Monday, February 26, 2007

Forget the Chief and hit the books

After the Daily Illini's recent redesign, readers can now post comments on articles and editorials. Basically, they've enabled blog comments in the online version of the newspaper. This isn't exclusive to the DI; Salon has done the same thing. Frankly, I don't think it's a good idea, for reasons I'm not going to go into here.

Today, the DI had an editorial about the board's decision to get rid of Chief Illiniwek. There were a handful of comments. A commenter named "lyn" left this:

how about we do that and then we do something more than just symbolic. Why not a lasuit agaisnt the NCAA funded by the money from fans, alumsm students and faculty who intend to withhold said money from the U in protest of the CHief decision. There are to start with 12,400 signaturs on the web petition pledging to so scuh.

We can go afterafter the NCAA for capricious implementation of subjective policy that exceeded their (Ncaa"s) authority and resulted in the violation of first amendment rights. The damages to the reputation and image of the UICU as well depriving 10s of thousands of a meaningful tradition could be a beginning. Dan Maloney was deprived of his 1st amendment rights also...

It goes on. She posts two more times. The third time was in ALL CAPS BECAUSE SHE HAS SOMETHING IMPORTANT TO SAY.

Seriously, this is just embarrassing. I hope to God that lyn is not a UIUC student. In the above quote, I was going to point out each misspelling, grammatical mistake, and other error that a moment's proofreading would have caught, but realized that would be every single word. Parts of it are so incoherent I actually can't figure out what she's trying to say.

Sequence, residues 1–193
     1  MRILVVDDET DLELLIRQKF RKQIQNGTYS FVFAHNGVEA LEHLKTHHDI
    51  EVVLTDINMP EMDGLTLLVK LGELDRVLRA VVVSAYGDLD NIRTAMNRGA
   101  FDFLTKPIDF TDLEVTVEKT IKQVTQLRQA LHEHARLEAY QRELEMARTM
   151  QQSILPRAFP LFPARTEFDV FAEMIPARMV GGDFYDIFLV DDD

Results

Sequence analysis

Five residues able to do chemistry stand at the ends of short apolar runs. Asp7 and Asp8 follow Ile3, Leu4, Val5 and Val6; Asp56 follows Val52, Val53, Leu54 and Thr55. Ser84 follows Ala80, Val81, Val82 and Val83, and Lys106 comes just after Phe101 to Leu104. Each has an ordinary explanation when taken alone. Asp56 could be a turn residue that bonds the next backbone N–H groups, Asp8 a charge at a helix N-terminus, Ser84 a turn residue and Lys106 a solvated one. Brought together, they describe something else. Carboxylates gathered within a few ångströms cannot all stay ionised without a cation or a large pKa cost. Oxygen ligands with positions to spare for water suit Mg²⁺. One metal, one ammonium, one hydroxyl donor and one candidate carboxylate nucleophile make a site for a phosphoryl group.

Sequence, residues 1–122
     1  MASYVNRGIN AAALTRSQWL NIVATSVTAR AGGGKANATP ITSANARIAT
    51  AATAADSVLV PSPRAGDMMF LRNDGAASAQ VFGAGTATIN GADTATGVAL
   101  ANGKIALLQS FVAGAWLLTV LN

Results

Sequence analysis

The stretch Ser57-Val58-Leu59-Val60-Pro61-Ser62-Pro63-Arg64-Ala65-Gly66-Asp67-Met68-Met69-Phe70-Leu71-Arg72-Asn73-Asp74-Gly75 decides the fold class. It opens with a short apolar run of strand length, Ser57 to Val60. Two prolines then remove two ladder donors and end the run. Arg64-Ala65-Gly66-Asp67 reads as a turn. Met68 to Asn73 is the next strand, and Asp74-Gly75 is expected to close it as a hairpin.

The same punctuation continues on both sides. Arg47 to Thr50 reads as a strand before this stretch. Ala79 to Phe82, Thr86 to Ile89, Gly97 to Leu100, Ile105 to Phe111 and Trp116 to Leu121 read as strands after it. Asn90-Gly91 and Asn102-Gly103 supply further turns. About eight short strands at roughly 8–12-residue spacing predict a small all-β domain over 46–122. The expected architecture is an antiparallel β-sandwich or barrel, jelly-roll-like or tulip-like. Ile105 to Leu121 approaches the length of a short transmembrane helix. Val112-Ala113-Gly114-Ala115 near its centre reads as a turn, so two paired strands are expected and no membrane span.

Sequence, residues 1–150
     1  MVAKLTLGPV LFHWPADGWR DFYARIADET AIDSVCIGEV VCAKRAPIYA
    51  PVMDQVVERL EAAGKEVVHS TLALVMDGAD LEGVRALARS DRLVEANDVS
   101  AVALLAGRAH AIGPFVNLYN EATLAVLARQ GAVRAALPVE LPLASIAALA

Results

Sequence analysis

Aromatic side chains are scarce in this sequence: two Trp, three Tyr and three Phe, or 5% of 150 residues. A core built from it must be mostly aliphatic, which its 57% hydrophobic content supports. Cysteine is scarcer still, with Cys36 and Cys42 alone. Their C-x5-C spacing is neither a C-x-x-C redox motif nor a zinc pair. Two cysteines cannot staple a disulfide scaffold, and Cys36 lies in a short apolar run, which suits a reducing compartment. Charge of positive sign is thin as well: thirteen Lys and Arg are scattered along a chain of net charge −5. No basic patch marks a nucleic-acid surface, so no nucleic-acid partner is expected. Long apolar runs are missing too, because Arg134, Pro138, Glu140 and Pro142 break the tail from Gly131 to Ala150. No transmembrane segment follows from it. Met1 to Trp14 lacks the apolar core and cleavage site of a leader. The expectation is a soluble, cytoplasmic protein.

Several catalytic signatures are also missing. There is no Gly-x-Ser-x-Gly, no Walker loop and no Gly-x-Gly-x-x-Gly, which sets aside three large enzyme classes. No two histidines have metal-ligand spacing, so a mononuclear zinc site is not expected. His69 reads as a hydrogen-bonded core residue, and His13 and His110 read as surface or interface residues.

The ineptness of the writing aside, she seems to be claiming that there's some First Amendment issue with the Chief. I'm sorry, but that's just bunk. The NCAA is a private organization. UIUC was welcome to keep the Chief, but the NCAA didn't want to associate with us if it did. End of story. They were well within their rights to do so.

Getting back to lyn's comments, if this is the quality of writing our undergraduates display, we need to attract a better caliber of student. I don't care if you're studying nuclear physics, political science, or freaking physical education, decent communication skills are imperative. UIUC is ranked as the 25th best university in the world, for crying out loud. Our students should be able to throw together half a dozen coherent sentences, even on the spur of the moment.

Then again, I should probably just look on the bright side. Maybe she was just drunk.


Anonymous said...

Sadly, the ability to communicate clearly and correctly is becoming a rare skill. I saw it while in school, as I was in the computer science field, and most people (professors included) struggled with strong writing/communication skills.
Now, I see signs of poor communication everywhere and it just seems to be getting worse. Even though I fall prey to mispronunciation at times, I am at least aware of my mistakes and try to correct them.
*shrug* People just don't care anymore.

David said...

Let's face it; text messaging has permanently eliminated the need for vowels and/or verbs and/or complete sentences. Not that that's the cause; more like one of the more notable symptoms.

America, compared to the rest of the world, has a crappy education system. I mean, heaven forbid anyone actually learn something before graduating. Why bother, when athletic scholarships and sports programs practically guarantee them a free ride and bonus degree?

Sorry, a pet peeve just slipped out. I'll put it back in its cage now.